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Alabama Beckons Again to UCLA's Homer Smith


Homer Smith's UCLA-Alabama shuttle is making the trip east, and this time it's probably one way.

Smith, who three different times was hired as the Bruins' offensive coordinator, became offensive coordinator at Alabama for the second time on Saturday. He replaces longtime Crimson Tide assistant Mal Moore.

In effect, Smith, 62, is going home. When he was hired by UCLA for the third time, in 1990 after two seasons as offensive coordinator under then-Alabama coach Bill Curry, Smith retained his residence on Lake Tuscaloosa, near the university. His wife, Kathryn, remained there while he lived in an apartment near Westwood.

His UCLA contract was believed to contain provisions for expenses-paid trips to Alabama. "He was planning to retire in Alabama," UCLA Coach Terry Donahue said.

The timing of the announcement took Donahue by surprise.

"(Alabama Coach) Gene Stallings called me during the coaches' convention (last week in Anaheim) and asked for permission to talk to Homer," Donahue said. "I, of course, gave it, and Homer talked with me (Friday) and said that he had accepted a job but was not sure what he really wanted to do. He asked for a little time."

Stallings made the announcement Saturday morning. It also was announced that Stallings' contract had been extended to 1998, and that Moore would become an associate athletic director. Stallings said Moore asked to make the change.

"I wanted to bring in the best possible offensive coordinator," Stallings said, "and Homer Smith fulfills that requirement. He is familiar with Alabama, and he has a proven track record as an excellent coach."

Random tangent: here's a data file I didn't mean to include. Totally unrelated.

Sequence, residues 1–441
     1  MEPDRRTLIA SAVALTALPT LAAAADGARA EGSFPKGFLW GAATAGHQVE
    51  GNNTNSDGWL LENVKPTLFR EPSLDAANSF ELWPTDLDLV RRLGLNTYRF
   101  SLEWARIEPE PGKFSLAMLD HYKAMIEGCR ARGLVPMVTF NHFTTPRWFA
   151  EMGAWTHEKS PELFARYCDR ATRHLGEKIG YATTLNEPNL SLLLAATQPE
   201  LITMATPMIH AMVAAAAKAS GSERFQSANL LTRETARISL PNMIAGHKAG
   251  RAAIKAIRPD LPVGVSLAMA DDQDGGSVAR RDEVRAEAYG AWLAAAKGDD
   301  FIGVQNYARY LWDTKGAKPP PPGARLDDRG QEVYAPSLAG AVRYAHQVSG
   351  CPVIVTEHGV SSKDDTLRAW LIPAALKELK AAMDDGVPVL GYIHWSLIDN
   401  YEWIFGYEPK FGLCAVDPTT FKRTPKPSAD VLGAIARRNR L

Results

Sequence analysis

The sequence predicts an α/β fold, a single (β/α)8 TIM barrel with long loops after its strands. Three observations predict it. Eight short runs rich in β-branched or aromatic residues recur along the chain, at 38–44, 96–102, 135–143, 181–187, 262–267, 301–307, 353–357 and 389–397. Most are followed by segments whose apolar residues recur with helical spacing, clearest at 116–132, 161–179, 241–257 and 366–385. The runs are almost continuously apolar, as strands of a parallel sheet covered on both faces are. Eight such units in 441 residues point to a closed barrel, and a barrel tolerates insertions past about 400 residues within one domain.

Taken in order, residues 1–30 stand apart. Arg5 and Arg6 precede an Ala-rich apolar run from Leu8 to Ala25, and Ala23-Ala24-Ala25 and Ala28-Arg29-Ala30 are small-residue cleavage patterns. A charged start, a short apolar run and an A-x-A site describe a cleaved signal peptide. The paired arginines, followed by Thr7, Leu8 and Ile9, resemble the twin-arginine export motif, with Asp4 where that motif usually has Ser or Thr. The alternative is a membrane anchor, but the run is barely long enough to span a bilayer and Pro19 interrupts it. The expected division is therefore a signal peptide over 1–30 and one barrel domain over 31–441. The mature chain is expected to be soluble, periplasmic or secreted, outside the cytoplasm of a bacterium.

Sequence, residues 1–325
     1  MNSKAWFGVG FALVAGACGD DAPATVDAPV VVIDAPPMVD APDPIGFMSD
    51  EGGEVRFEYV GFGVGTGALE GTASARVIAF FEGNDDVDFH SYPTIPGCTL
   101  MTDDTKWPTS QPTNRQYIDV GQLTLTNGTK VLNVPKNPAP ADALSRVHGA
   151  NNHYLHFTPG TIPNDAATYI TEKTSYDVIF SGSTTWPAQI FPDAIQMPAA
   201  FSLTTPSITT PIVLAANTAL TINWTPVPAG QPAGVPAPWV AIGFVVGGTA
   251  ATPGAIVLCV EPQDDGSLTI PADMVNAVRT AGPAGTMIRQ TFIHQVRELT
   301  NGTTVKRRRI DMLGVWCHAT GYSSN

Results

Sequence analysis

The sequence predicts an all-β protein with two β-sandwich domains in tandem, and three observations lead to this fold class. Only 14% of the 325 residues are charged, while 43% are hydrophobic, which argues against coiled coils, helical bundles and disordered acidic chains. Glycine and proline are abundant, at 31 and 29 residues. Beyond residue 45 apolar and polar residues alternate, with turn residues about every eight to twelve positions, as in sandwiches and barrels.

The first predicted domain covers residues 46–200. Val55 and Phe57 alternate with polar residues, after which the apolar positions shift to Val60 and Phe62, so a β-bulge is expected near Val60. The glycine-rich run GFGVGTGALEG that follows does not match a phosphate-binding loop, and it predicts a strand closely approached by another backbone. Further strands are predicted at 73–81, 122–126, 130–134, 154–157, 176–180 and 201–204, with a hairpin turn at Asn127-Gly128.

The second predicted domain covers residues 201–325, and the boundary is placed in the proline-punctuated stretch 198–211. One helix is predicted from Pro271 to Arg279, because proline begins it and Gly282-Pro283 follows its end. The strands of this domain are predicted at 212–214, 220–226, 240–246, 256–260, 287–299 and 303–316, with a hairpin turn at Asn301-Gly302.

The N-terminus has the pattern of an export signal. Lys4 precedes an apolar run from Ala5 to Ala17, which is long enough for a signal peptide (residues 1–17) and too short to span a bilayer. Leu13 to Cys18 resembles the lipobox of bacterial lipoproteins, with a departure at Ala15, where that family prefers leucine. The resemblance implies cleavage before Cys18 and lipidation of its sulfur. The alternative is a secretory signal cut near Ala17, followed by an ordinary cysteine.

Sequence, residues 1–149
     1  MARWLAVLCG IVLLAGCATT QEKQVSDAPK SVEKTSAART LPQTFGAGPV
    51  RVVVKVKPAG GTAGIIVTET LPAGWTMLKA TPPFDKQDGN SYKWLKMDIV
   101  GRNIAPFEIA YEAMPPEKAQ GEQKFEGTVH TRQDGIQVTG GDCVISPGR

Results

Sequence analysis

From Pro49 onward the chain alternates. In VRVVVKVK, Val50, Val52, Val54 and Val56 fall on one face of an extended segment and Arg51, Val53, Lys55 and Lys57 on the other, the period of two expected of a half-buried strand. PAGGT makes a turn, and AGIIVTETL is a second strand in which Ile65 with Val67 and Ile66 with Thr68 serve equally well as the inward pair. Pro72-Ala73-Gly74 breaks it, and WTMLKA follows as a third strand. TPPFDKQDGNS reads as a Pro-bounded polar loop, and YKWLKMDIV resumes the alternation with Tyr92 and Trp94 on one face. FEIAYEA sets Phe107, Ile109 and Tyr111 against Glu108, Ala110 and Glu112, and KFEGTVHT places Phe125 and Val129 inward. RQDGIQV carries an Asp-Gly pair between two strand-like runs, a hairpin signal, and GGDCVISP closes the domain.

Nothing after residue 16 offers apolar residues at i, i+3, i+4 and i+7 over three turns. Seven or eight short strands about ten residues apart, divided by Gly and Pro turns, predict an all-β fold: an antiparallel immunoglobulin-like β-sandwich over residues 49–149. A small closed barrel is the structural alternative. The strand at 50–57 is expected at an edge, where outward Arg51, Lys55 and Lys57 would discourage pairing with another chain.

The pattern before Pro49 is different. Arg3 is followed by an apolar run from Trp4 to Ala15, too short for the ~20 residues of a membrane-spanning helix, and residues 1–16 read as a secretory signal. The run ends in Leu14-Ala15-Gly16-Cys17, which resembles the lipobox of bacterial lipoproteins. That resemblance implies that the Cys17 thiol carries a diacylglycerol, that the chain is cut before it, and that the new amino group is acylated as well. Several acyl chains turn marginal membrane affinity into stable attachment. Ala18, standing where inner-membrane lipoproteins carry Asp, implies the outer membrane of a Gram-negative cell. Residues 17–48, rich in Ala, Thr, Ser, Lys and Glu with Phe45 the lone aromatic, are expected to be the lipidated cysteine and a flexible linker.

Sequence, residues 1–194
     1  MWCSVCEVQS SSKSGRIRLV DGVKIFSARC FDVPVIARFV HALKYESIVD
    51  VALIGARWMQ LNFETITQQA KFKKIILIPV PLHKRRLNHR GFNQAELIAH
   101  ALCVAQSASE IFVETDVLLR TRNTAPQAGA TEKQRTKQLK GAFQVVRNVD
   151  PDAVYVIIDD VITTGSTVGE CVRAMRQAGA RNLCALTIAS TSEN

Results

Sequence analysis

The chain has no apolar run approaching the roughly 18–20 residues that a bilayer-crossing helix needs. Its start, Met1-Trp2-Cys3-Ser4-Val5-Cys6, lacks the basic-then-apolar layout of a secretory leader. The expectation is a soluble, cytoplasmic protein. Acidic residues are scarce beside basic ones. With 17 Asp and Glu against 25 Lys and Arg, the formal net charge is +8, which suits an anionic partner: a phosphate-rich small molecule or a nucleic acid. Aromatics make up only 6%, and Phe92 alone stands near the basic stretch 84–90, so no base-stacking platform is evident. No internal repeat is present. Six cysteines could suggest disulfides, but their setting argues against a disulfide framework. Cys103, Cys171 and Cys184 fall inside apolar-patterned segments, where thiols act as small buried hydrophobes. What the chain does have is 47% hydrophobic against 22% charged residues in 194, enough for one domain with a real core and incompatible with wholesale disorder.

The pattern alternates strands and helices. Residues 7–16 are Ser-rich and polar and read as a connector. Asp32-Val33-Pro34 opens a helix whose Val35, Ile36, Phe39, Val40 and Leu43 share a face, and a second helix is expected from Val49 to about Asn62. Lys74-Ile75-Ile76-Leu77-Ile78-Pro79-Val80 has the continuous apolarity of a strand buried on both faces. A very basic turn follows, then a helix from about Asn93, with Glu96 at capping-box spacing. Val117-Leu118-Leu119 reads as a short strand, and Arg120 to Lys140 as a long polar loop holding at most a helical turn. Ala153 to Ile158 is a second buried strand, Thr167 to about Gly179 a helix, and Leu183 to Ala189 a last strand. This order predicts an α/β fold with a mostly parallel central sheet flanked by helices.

Smith's duties as offensive coordinator will include coaching quarterbacks.

Much of his track record was built at UCLA, where he became an assistant under Pepper Rodgers in 1972, coaching the wishbone offense after head coaching jobs at Davidson and Pacific. Smith left UCLA after the 1973 season to become head coach at Army, where he worked for five seasons.

After a year out of football to pursue a masters' degree in theology at Harvard, Smith, who had been a single-wing tailback at Princeton in the early 1950s, returned to UCLA as offensive coordinator. He created a high-powered passing game that sent six quarterbacks to the NFL and the Bruins to six consecutive bowls, three of them Rose Bowls.

Smith went on to the Kansas City Chiefs from UCLA, spending a season with the Chiefs before going to Alabama under Curry.

Two seasons later, Smith was back at UCLA, where he called all of the plays, subject to an occasional veto by Donahue, and worked with quarterbacks and tight ends.

During his last term in Westwood, the Bruins struggled at times but continued to generate impressive offensive statistics and, this season, returned to the Rose Bowl.

Donahue said that he would not rush to select a new offensive coordinator.

"I'm going to put all of my efforts and energies into recruiting," he said. "Our offensive design, quite frankly, is a product of several people's input, with Homer having an integral part. We'll miss Homer, certainly.

"It's the way this business is. People go from place to place, and always at an inopportune time. But it's business as usual."

Smith is the second member of the UCLA staff to leave since the Rose Bowl. Graduate assistant Kennedy Pola resigned to join the staff of Ted Tollner at San Diego State.

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